Witch Dreams by Vivian Vande Velde.

Sixteen-year-old Nyssa uses her ability to see into people's dreams to discover who murdered her parents six years ago.

The Red Thread by Rod Townley.

Bothered by insomnia, nightmares, and claustrophobia, sixteen-year-old Dana sees a therapist who hypnotizes her into remembering past lives, involving her in an age-old mystery and causing her to question what kind of person she is.

On Thin Ice by Jamie Bastedo.

Set in Canada's far north, this book is a fascinating blend of both fact and fiction. Sixteen year old Ashley, who's from Inuit and French Canadian descent, is haunted by strange, ominous dreams. When a classmate's mangled body is found outside of her Arctic town, Ashley's dreams take on a frightening twist. Plunged into the mysterious underworld of ancient Inuit legends, Ashley strives to understand her changing world.

The Dream Merchant by Isabel Hoving.

Having been hired by a mysterious corporation called Gippart, twelve-year-old Josh--along with two friends and the ghost of his dead twin sister--finds himself trapped in "umaya," a place between dreams, time, and reality.

Sleepless by Cyn Balog.

Eron, a supernatural being known as a Sandman whose purpose is to seduce humans to sleep, falls in love with a sad teenaged girl who is mourning her boyfriend's death.

Feature Fun Friday - A Special Beth Revis Book Trailer

Current Theme Song (aka what's playing on my ipod right now): Still Alive by Lisa Miskovsky.

You guys get a special treat today. This is perhaps one of my favorite books trailers of all time for one of my favorite trilogies to come out in the last three years. Beth Revis thrilled me with Across the Universe, and then blew me away with A Million Suns. Seriously. Do you know how rare it is when a sequel is better than its original? Beth Revis did not disappoint. And now I'm DYING--not literally. She tends to kill off too many characters as it is. I don't want to be added to the list--to get my little hands on Shades of Earth. And since it comes out THIS TUESDAY, the wait is finally finally over! :D *dances* So here is the Across the Universe book trailer, released in Germany. And even cooler? Today is 1.11, marking the third year anniversary when this, her debut was first released. How cool is that?!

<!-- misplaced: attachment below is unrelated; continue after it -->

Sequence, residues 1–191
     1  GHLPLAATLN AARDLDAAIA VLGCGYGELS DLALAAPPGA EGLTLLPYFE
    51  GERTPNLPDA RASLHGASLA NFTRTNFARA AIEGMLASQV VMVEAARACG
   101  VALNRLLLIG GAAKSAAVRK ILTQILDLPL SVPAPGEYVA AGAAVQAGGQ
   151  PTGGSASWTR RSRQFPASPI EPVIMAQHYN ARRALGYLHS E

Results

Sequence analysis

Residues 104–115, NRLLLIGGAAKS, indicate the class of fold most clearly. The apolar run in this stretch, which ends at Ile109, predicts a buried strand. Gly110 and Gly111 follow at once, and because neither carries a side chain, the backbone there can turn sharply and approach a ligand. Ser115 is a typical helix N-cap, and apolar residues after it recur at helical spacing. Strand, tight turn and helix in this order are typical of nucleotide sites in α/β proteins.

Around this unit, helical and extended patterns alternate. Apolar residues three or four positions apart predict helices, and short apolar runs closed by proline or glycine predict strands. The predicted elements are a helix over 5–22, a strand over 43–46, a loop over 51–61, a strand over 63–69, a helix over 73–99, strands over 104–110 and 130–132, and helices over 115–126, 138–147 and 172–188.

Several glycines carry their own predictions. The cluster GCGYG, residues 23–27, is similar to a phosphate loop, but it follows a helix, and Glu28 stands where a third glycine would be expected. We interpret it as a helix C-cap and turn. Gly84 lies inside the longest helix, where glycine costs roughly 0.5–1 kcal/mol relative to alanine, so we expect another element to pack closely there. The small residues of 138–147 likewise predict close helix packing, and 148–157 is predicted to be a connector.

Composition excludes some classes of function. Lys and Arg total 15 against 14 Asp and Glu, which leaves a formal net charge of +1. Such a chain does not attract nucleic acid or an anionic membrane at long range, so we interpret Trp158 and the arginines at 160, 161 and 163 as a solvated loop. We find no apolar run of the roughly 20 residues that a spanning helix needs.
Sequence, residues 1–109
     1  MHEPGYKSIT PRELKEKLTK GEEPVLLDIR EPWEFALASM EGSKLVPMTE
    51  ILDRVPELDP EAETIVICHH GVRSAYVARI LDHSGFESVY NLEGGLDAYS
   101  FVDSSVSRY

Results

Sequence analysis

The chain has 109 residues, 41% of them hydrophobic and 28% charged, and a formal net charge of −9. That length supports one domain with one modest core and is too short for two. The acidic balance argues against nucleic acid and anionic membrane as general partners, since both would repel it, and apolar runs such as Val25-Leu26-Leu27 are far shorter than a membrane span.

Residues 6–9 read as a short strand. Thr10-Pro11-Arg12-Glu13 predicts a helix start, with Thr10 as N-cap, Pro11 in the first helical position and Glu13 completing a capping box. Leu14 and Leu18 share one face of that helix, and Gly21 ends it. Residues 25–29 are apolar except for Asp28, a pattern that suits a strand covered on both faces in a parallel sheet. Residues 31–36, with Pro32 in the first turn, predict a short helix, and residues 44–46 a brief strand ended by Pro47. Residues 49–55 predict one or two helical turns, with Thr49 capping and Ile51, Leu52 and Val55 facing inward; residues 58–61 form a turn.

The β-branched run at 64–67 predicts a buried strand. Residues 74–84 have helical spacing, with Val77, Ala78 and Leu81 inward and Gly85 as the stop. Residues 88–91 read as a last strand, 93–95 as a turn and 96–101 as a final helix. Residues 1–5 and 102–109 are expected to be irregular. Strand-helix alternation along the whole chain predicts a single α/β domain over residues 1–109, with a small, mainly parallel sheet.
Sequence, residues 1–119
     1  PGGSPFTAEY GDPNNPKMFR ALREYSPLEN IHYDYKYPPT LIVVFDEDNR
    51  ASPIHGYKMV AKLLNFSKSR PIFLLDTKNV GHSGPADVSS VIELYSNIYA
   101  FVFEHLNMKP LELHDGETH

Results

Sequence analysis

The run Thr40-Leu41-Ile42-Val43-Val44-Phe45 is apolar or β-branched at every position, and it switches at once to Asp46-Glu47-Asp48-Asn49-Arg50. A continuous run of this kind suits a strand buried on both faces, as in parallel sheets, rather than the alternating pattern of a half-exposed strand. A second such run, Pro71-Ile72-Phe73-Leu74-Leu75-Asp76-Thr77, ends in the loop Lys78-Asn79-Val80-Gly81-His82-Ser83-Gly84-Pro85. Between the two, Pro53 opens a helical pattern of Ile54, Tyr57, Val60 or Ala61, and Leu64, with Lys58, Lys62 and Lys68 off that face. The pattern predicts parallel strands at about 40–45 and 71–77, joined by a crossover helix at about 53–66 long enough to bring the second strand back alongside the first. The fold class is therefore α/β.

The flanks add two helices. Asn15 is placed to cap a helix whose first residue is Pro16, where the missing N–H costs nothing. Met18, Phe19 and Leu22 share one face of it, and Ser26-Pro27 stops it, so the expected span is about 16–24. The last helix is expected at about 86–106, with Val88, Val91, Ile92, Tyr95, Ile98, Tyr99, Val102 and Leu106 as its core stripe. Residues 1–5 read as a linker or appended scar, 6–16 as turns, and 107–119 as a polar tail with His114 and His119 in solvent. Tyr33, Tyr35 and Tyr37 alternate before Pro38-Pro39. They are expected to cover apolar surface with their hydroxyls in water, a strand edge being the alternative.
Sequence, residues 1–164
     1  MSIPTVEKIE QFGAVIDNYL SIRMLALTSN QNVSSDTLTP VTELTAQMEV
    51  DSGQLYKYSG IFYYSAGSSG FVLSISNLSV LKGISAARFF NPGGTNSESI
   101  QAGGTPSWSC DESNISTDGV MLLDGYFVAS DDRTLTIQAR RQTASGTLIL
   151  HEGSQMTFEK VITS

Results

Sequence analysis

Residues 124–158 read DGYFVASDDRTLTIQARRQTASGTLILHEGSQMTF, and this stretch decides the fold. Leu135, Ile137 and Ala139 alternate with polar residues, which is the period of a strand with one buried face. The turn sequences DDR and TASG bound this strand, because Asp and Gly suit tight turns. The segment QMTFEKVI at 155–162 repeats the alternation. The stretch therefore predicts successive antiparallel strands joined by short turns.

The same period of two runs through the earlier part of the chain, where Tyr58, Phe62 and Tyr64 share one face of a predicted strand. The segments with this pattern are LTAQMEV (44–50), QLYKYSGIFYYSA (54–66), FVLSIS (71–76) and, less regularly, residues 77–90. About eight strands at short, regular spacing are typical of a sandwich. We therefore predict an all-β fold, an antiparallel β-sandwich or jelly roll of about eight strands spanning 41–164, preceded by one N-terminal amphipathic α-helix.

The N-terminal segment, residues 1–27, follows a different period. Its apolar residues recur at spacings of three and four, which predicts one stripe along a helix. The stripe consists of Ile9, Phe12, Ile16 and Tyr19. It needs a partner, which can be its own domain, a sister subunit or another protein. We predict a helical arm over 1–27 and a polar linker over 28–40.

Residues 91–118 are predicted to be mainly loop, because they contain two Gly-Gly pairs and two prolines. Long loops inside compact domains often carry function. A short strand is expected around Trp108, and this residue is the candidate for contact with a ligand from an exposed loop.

I've had a close friend who speaks fluent German translate it for us, which makes it even better by a level of quadrillion. But even just listening to the two characters and the emotion in their voices is fantastic.

So here we go. Anything in brackets  [ ] are written words on the screen while lines without them are actual dialogue. Enjoy, and have an absolutely amazing weekend, everyone!

I am silent as death. It is the silence that makes me crazy.

[300 Years in Eternal Darkness]

Maybe I am dead already.

That is my greatest fear.

[Far removed from the earth, underway in an uncertain future]

After 301 years when my body thaws, and I stay exactly the same as I am now...

I touch the glass in which she lays, and notice just now how cold it is.

[But something is not going according to plan]

I just want to scream!

She is the most beautiful being that I have ever seen… but also the strangest.

[For she is awakened too early]

I want to open my eyes and awake, but… I cannot.

[50 years too early.]

She must wake up.

[A great love, the dream of freedom, and deadly dangers]

Available in stores August 2011

Contest? Okay. How About a SIGNED Copy of DIVERGENT by Veronica Roth!

Current Theme Song (aka what's playing on my ipod right now): Mission Street by Vienna Teng.

I know you have all been waiting patiently for this. I am fairly famous for doing contests after accomplishing something great. Or just for fun. I'm known for that too. :)